Picture is of identical twin newborn girls on mom's chest with a feeding tube in their noses.

Can You Deliver Twins Naturally?

Many people wonder if it is possible to have a natural birth with twins.

A natural birth is a birth without an epidural or any pain medication.

There are doctors that advise against having a natural birth with twins because if you need an emergency cesarean delivery, there might not be time to get an epidural. Having a c-section without any anesthia sounds like jsut about the worst thing in the world to me!

But it is totally possible to deliver twins naturally. I know people who have pushed out two babies with no drugs.

I advise listening to your doctor… but also do your own research.

If your doctor isn’t comfortable with the birth that you want, then get a second opinion. There are many extenuating circumstances with pregnancies, and with a twin pregnancy, there are twice as many risks.

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Things You Won’t Think to Ask But Need to Know About Twin Labor and Delivery

You Will Probably Deliver on an Operating Table

It is common practice for most hospitals to have twin moms deliver in the operating room. I’ve heard many twin moms complaining about this, but I was completely fine with it.

Is it as comfortable as delivering in a delivery room? No. However, it is safer.

There are so many things that can happen between the birth of baby A and baby B. Once baby A comes out, there’s suddenly an influx of space for baby B.

This could cause all kinds of problems that result in an emergency C-section. I’d personally rather be right where I need to be in case of emergency, than have to be rushed down the hall to another room.

In the majority of cases, baby B comes out perfectly fine after baby A.

But on the off chance that there’s a problem? You’re in the operating room, ready to go!

Infant twins in white shirts with blue eyes.

You Might Not Know if They’re Identical or Fraternal

We didn’t know if our girls were identical or fraternal until we did a DNA test when they were over a year old.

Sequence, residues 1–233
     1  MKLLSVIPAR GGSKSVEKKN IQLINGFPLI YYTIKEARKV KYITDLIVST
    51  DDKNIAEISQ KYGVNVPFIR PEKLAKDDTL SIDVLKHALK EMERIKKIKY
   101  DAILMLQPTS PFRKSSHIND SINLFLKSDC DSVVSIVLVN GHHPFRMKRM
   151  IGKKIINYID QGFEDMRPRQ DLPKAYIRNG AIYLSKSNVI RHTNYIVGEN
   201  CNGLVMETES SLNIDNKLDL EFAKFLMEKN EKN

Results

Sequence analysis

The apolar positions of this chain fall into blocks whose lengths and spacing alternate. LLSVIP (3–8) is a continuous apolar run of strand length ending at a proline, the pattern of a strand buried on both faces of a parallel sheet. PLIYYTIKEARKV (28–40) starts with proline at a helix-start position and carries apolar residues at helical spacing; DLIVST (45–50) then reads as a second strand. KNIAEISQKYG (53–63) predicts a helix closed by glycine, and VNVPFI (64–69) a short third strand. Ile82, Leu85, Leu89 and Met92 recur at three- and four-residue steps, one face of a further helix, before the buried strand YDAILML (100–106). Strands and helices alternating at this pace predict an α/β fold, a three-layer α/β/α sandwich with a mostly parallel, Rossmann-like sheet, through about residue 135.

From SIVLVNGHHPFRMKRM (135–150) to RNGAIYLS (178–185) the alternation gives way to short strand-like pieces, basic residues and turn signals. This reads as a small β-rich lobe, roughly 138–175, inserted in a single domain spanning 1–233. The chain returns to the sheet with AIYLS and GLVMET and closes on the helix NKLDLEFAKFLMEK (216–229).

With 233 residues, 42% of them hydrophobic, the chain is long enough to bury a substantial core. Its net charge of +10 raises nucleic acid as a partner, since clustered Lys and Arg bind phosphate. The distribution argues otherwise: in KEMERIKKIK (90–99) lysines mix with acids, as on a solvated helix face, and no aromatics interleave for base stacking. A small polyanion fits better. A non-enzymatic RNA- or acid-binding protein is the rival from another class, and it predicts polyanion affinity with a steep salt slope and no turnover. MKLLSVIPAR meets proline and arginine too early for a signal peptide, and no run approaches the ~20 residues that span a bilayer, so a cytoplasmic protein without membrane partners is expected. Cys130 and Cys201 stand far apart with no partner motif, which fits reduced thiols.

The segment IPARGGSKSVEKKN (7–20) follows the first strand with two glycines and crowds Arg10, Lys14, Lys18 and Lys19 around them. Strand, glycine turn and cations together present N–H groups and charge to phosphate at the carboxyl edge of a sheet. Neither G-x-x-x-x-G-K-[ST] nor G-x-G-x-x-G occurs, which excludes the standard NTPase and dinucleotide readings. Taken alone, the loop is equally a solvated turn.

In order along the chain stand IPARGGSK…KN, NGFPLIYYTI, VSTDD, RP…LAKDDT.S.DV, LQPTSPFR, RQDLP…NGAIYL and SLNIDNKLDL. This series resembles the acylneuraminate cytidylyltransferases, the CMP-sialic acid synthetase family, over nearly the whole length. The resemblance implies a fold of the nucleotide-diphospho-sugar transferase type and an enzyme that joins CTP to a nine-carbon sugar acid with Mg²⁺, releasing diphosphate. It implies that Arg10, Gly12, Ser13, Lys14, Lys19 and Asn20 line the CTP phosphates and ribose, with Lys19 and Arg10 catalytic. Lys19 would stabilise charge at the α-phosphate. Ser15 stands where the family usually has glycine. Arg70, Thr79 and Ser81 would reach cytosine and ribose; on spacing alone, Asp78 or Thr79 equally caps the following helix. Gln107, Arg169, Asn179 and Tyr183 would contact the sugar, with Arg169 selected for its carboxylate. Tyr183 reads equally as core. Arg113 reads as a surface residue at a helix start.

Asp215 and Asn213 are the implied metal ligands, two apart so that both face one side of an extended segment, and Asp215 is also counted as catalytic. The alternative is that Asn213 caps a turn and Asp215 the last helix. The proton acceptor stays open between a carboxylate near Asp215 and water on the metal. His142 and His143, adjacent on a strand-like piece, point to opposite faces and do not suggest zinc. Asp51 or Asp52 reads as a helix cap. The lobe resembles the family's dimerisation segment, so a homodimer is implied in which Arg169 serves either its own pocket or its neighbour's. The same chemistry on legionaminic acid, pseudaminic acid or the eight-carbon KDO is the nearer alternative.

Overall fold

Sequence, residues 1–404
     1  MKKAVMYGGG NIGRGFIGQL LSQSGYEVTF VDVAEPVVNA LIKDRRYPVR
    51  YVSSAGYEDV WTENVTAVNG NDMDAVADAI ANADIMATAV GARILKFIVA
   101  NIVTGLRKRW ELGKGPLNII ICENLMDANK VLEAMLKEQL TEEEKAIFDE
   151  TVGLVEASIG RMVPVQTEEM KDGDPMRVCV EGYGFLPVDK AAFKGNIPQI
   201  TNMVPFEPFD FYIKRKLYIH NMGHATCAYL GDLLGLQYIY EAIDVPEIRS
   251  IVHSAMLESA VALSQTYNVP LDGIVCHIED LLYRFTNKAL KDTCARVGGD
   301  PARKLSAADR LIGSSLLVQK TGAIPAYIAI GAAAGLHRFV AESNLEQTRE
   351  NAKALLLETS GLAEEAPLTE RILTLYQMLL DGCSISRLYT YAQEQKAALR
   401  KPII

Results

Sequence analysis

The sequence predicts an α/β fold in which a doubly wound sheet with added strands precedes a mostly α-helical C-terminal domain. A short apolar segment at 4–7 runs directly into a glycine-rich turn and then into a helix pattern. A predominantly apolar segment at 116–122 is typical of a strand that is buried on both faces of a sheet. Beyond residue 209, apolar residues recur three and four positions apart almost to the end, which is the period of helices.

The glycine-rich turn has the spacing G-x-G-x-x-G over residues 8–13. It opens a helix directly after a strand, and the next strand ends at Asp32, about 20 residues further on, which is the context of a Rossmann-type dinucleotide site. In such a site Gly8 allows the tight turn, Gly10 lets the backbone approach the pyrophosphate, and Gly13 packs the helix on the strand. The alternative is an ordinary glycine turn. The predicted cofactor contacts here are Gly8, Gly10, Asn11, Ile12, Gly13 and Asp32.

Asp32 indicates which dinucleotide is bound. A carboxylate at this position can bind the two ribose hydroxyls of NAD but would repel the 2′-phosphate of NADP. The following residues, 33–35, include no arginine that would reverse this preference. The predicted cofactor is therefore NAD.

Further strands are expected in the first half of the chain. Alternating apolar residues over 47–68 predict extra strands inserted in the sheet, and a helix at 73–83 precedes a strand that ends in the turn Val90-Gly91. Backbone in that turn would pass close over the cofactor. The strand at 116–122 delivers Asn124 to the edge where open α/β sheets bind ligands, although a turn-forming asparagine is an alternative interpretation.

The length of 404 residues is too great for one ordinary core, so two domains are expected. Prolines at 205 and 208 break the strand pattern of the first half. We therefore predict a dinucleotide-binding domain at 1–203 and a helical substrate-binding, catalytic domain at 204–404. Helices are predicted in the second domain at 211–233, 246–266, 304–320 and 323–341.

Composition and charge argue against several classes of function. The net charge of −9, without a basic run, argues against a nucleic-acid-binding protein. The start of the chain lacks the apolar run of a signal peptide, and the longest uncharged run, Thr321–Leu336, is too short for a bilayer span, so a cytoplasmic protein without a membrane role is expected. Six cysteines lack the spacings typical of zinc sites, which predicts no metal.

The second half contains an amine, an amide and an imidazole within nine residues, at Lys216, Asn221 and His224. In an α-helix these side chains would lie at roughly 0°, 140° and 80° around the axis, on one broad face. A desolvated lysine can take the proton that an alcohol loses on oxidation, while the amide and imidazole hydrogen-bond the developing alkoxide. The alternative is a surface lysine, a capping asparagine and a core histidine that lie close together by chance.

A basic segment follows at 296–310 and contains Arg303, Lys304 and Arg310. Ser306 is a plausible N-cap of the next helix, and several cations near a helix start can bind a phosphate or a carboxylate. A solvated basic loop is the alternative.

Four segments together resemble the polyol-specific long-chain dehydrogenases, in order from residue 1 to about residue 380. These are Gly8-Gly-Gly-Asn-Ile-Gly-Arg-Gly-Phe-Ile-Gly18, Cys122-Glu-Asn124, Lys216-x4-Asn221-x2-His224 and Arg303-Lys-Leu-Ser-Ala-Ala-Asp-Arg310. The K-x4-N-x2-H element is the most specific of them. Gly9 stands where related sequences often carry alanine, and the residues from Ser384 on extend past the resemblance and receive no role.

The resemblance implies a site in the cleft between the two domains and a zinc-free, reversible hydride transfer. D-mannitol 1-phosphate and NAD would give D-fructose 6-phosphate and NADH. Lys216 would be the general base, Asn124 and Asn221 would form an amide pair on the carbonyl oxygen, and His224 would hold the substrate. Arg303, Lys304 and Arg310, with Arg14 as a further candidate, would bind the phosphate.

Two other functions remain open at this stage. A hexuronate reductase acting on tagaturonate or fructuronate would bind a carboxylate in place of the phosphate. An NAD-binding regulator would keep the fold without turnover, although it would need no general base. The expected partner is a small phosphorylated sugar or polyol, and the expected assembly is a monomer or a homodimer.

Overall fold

If you have one placenta, they are definitely identical.

If you have two placentas and they are different sexes, they are definitely fraternal.

If you have two placentas and they are the same sex, the only way to tell if they are identical or fraternal is by doing a zygosity DNA test.


Click here to read about our experience doing a zygosity DNA test and more facts on identical versus fraternal twins!


Black and white picture of newborn twin girls wrapped in blankets in identical poses.

Both Babies are Born Before the Placenta(s)

Yes, that’s right! Even if you have two placentas, you will deliver BOTH BABIES first… and THEN the placenta(s).

Shop Twin Pregnancy Essentials

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Newborn twin babies sleeping under a blanket.

Constant Fetal Monitoring is Common Practice for Twin Labor and Delivery

This is definitely something to be prepared for. They will likely recommend having constant fetal monitoring for both babies.

Fetal monitoring will limit your ability to get up and move around. If this is an important part of your birth plan, be sure to talk to your doctor about it prior to giving birth.

You Will Freak Out on the Ride Home

On the ride home from the hospital, you will likely be thinking…. “Did they seriously let us leave with TWO babies?! We aren’t ready for this! We need help!”

Don’t worry. Deep breaths. Many parents have raised twins before you, and you will do just fine.

New twin parents holding newborn twins sitting on their bed after getting home from the hospital after giving birth to twins.

You Might Not Be Able to Tell Them Apart (Even if they’re fraternal!)

Our twins were identical girls, so of course, we mixed them up on occasion (heck, they are 3 and we STILL do!)

I always thought it was simply because, well, they are identical. However, I’ve spoken with other twin parents who have mixed their twins up… even if they are boy/girl twins!

Now, obviously with a diaper off, it’s easy to tell them apart, but fully clothed? Babies can all look similar even if they aren’t identical!

You Might Bond More With One Twin

You might feel a closer connection with one twin. Don’t let this bring on twin mom guilt; it’s very normal.

It doesn’t mean you love or care about your other twin ANY less.

P.S. Make sure you’re following me on social media to keep up with our family and all the twin cuteness! I am on Instagram, Facebook, and Pinterest!